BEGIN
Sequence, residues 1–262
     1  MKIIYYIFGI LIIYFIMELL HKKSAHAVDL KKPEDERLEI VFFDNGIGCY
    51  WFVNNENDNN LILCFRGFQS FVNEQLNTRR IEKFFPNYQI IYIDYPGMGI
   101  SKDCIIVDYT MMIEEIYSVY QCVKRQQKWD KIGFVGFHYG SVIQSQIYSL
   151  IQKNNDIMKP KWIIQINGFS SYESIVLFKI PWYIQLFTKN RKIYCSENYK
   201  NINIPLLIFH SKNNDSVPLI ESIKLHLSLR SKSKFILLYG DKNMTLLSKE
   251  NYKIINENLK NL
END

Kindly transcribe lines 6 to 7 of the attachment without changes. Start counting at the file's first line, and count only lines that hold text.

   201  NINIPLLIFH SKNNDSVPLI ESIKLHLSLR SKSKFILLYG DKNMTLLSKE
   251  NYKIINENLK NL